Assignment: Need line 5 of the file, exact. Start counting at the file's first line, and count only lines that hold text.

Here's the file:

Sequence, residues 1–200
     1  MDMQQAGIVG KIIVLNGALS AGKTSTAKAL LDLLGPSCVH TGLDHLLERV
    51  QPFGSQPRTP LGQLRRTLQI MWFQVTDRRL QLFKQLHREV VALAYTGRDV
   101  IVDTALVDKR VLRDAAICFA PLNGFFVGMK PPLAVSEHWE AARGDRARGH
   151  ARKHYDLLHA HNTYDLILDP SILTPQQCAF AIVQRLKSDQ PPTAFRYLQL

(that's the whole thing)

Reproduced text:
   151  ARKHYDLLHA HNTYDLILDP SILTPQQCAF AIVQRLKSDQ PPTAFRYLQL